Cape Town - Lewis Group [JSE:LEW] was the biggest loser among its peers on Thursday, with shares down 3% after subsidiary Lewis Stores was found to be in breach of the National Credit Act (NCA).
At midday, Lewis' share price tumbled -3.03% to R41.22, making it the worst performer among its sector peers on the JSE.
The National Consumer Tribunal (NCT,) in its first substantial ruling against a listed company, ordered Lewis Stores to refund clients for premiums on certain credit agreements it entered into since 2007.
The agreements relate to credit insurance and disability cover sold to pensioners and self-employed consumers.
"This is justice to the thousands of pensioners and self employed clients that ended up paying significant sums for insurance they cannot benefit from," said Summit Financial Partners CEO Clark Gardner.
Gardner was the person who originally lodged a complaint with the National Credit Regulator (NCR) in January 2015 to expose Lewis’ alleged dubious credit practices.
"How can a furniture retailer have R5.8b in revenue when a mere R2.6b was from merchandise sales? Where does the rest come from? Well, among others, it is from the sale of loss of employment insurance to every client that purchases on credit and this practice has now stopped," he claimed.
Lewis said in statement on Thursday that it is considering the findings.
"Lewis will be considering the judgment with its legal advisers for purposes of determining the next steps to be taken by it in this matter, and shareholders will be kept advised on developments."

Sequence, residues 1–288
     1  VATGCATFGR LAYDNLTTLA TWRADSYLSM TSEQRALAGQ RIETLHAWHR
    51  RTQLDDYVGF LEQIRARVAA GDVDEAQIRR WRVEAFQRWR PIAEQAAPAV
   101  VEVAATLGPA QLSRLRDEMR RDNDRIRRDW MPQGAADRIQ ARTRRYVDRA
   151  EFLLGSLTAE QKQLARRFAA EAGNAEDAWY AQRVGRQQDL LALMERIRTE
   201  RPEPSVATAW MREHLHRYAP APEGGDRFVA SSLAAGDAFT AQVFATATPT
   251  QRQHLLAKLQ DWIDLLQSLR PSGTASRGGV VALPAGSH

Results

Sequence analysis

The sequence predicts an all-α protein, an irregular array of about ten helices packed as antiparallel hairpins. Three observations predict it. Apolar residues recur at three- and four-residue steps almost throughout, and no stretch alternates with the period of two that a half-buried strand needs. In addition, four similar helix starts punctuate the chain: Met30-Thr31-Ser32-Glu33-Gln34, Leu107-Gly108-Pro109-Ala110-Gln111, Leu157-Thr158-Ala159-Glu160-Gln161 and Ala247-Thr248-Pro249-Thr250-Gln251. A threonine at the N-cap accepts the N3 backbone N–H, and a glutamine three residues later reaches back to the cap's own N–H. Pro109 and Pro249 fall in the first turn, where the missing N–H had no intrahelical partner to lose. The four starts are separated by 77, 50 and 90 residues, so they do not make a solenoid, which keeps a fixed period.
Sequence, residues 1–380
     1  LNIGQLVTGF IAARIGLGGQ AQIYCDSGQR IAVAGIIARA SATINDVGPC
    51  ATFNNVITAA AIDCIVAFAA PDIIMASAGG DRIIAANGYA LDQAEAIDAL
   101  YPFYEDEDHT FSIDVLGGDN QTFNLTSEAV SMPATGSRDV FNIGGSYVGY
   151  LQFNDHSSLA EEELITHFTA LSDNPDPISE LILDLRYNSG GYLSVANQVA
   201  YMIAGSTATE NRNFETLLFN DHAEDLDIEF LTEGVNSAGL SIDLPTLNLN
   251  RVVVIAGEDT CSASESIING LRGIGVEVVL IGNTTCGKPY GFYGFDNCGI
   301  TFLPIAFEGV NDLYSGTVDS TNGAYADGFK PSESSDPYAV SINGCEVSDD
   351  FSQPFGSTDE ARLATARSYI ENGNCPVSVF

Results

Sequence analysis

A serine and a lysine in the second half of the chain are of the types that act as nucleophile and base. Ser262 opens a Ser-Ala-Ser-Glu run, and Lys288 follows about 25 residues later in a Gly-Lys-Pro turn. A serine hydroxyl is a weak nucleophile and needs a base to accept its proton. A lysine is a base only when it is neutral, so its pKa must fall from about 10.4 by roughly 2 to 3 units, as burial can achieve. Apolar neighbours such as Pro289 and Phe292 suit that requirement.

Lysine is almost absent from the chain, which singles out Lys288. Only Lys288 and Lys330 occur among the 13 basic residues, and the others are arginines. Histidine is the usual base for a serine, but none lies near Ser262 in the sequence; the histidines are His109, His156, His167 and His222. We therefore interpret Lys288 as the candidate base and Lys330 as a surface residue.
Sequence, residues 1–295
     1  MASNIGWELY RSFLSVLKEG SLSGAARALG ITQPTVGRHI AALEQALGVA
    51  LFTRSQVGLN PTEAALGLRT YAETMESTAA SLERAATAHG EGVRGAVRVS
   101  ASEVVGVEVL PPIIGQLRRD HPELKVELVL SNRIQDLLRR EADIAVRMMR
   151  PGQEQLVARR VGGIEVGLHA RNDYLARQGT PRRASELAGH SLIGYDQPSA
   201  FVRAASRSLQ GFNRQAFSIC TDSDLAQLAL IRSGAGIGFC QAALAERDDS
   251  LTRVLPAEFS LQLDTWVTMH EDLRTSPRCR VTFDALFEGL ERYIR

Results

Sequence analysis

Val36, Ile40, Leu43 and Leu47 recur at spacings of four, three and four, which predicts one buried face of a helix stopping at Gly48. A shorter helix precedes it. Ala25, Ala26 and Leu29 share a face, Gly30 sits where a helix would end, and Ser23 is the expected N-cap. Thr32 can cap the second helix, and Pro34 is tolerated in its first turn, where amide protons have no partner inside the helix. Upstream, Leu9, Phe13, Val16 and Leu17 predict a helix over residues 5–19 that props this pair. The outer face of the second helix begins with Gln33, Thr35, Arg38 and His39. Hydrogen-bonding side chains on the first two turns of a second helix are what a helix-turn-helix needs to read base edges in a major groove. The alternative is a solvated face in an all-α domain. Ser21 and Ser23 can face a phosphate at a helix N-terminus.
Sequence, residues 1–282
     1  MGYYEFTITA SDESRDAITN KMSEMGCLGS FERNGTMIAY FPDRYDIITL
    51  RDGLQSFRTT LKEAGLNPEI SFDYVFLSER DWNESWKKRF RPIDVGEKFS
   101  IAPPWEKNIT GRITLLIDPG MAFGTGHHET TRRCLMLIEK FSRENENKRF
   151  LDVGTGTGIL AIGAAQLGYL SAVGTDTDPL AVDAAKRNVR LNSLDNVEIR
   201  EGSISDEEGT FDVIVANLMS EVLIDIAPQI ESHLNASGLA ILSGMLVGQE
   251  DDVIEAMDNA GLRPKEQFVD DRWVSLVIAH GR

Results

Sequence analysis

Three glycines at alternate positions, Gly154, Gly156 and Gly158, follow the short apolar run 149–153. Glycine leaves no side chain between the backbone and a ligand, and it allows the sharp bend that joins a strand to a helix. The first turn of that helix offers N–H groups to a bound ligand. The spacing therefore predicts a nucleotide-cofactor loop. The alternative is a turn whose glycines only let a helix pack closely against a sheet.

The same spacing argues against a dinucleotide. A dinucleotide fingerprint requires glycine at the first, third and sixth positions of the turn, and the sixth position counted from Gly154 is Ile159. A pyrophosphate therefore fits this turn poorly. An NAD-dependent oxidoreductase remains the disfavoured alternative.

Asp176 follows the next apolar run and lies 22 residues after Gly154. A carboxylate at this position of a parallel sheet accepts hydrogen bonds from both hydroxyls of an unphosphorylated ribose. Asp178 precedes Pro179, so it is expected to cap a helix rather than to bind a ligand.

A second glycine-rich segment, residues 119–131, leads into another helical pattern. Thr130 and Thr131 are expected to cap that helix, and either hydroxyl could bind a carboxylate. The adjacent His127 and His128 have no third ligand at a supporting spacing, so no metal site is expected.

Although Lewis Stores conducted an internal investigation last year into employment insurance sold to customers, the NCT wants an independent audit.
The NCT ordered that an independent audit be conducted at Lewis’ expense within 120 days, adding that all affected consumers identified in the audit, be reimbursed the premiums paid for the insurance.
While details of the audit remain unclear, Gardner said it could potentially be "incredibly powerful" to identify other breaches.
"These would include the compulsory nature of the delivery fees charged, the extended warranty policies that have overlapping dates with product warranties and alleged reckless lending practices," he explained.
"Lewis relies on these ancillary fees, which they refer to as ‘profit makers’, to generate their profits that should instead be focused on pure merchandising and lending practices," claimed Gardner.
The audit report must be furnished to the NCR within 150 days and thereafter a fine will be determined. Gardner said Summit hopes the full requested fine of R10m is levied.
Following its own probe in October Lewis Stores refunded R44.1m to a group of its customers for the cost of loss of employment insurance "mistakenly" sold to them, together with R23m in interest accrued on this amount.
Lewis said to date it has reimbursed the premiums paid together with interest to more than 90% of such consumers.
Although Lewis refused to tell Fin24 the total number of clients refunded, industry sources believe the affected group is about 1 million.
"Lewis has only disclosed the total amount of the premiums and interest reimbursed and has not disclosed the number of clients," Lewis management told Fin24.
Gardner said Summit will push the ruling further to hold Lewis' directors personally responsible for "such unscrupulous behaviour in ripping off the consumer".
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